Posted by Matt Egan 24 March 2014
No one cares about privacy
We all care about privacy. Until someone offers us something for free.
The idea that someone else is able to access our personal information is an uncomfortable one. We don't like the idea of our privacy being invaded, and the merest hint that someone has lost or stolen our details tends to drive to distraction even the most reasonable web user.
Receiving spam emails, texts or calls is a huge annoyance. Even seeing an ad promoting a product at which you looked a few days ago feels like an invasion.
And yet, and yet. If the internet has taught us anything, it is that people will sign up to just about anything as long as it is free. Or to put it another way: we won't pay for online services - directly, at least. And if the price we pay for things we like is loss of privacy - it's a price many of us are happy to pay. (See also 'Smart meters are coming: will they threaten your privacy?')
Privacy and the free economy
Web connectivity has created an economy within which we are reluctant to pay for anything. But faced with the option of getting something for nothing and many of us leap in feet first. But someone is paying for everything, and in most cases it is the very person who accepted the freebie. Remind me: there's not such thing as a free, what now?
If you use an Android phone or virtually any Google service you are getting a free or subsidised service in return for giving up data about everything you do when connected to the web. Google is the world's largest seller of advertising, remember, and the more targeted the advertising the more money it makes. Ever wondered why Apple's iPhones and iPads are so much more expensive than are Androids? In part it is because Apple makes a huge profit every quarter from one-eyed Apple fanboys and -girls, but it is also because Apple doesn't sell your eyeballs on to advertisers and Google absolutely does.
Which is not to say that Google is doing anything wrong, or even that the Google contract is a pact with the devil. Getting services for free or at a discounted rate is good. And this model passes on the risk of purchase to the advertisers - they pay to promote their wares to you, not for guaranteed sales. If you think you are immune to advertising, you will never pay the bill for the goods you have enjoyed. But for this economy to work someone, somewhere is responding to advertising and purchasing products.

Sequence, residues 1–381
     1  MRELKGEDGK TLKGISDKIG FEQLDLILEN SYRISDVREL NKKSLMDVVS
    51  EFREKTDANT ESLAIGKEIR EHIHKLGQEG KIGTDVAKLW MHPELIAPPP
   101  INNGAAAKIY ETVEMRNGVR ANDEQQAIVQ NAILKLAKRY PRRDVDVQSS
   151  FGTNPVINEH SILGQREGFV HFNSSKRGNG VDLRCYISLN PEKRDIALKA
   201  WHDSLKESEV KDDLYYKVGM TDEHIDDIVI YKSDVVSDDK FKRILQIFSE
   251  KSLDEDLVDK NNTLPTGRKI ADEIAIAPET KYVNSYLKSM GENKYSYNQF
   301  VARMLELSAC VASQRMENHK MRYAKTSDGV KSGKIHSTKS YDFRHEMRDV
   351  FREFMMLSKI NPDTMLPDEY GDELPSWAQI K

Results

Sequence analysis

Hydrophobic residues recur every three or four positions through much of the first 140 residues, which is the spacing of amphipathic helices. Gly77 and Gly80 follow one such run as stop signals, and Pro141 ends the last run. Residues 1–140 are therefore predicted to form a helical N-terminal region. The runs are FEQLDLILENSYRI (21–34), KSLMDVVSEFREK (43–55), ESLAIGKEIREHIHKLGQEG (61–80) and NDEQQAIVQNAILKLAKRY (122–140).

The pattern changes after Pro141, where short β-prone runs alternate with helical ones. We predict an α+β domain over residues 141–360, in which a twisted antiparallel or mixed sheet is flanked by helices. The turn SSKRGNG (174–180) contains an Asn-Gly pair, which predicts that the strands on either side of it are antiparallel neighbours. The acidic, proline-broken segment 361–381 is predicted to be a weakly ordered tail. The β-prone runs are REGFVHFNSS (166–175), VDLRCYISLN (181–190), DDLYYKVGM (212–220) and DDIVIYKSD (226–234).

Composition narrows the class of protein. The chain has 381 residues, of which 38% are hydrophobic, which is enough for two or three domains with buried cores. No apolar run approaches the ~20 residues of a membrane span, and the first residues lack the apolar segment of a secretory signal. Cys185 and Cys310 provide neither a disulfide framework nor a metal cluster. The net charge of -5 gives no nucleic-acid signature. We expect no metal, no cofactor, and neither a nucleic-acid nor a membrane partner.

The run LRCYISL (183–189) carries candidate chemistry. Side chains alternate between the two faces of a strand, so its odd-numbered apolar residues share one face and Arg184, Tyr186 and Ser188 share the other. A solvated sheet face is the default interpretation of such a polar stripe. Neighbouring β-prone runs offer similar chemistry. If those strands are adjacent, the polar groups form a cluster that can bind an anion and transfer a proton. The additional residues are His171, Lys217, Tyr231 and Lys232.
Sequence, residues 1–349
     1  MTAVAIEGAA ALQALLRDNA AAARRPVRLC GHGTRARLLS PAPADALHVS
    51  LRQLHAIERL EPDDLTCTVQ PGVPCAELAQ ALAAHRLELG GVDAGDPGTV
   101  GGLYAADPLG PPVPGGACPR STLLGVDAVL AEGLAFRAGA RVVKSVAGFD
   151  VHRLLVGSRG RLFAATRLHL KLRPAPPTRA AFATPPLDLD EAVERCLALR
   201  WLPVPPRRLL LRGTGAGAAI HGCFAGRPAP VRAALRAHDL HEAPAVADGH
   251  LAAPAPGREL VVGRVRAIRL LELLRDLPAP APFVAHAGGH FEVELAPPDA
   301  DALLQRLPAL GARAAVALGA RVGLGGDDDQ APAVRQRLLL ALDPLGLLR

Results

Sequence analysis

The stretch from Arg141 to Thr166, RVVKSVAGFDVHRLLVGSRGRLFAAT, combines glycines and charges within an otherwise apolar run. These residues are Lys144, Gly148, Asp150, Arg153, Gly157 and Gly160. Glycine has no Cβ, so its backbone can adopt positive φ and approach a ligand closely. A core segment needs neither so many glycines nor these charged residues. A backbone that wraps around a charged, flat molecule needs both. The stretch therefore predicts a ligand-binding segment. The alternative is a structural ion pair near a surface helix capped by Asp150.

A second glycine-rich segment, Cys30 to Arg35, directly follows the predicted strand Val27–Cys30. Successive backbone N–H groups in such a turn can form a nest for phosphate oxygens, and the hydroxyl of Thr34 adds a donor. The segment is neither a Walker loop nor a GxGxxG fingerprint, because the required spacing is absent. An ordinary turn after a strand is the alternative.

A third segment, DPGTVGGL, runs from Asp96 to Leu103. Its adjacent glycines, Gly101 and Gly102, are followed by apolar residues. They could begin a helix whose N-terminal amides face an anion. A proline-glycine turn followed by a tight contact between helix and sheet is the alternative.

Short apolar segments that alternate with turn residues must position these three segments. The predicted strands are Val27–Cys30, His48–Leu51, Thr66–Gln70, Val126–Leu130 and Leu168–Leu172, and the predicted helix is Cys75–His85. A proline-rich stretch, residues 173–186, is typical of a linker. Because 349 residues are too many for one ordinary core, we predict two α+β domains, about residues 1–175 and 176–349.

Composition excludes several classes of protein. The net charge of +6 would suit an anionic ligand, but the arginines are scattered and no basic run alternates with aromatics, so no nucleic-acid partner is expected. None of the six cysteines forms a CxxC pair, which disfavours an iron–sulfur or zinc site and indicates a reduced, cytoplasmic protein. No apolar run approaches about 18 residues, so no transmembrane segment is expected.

I'm not singling out Google here. It is merely the biggest and best. (See also: 'Does Google Glass pose health, safety and security risks?')
We invade your privacy
It won't cost you a penny to visit any of our sites, but we will politely ask you if you mind us dropping a cookie on your browser. We don't want to know anything about you personally, but like all commercial publications we have to pay the bills. So we anonymously track your web-browsing habits in order to show you relevant adverts. (Even if you don't accept the cookies we'll show you ads based on the content of the page.) The content you are reading is free, but the understanding of the advertiser is that they will make back their investment in sales, and that investment allows us to create the content. Ultimately someone has to respond to the ads to make the model work, however, and ads work best when they are well targeted.
(You can of course block all ads. People do. It's much the same as those who watch the BBC but don't pay the Licence Fee. It's probably not enforcable and worse things happen. But if all readers blocked ads we wouldn't be able to run our sites. To which readers typically say they'd pay for an ad-free site, which I don't believe, but is a fairly sophisticated understanding of what is going on.)
You can not have my number (yes you can)
In a similar way we all get sniffy about giving up our email address or phone number when accosted by a chugger on the street, but often cough them straight up to services such as WhatsApp or even Facebook. Because it is convenient (and cheap) to use WhatsApp for messaging, we all gladly give them our phone numbers with nary a backward glance. I'd wager you wouldn't give your number to a door-to-door salesman offering you free calls, but that's pretty much what's happening here.
Again, I'm not saying it's a bad thing. But when considering the privacy of our data the key thing is not whether it is stolen but how easily we give it away. Facebook just bought WhatsApp, in large part because it wants to match your phone number to your Facebook profile to better target you with adverts. Ultimately how successful it is will depend on how well the adverts work and how comfortable we are in continually coughing up our secrets.
And we seem to be pretty comfortable, in what we consider the right circumstances. Privacy is still a concern, but faced with a free lunch no-one cares about privacy.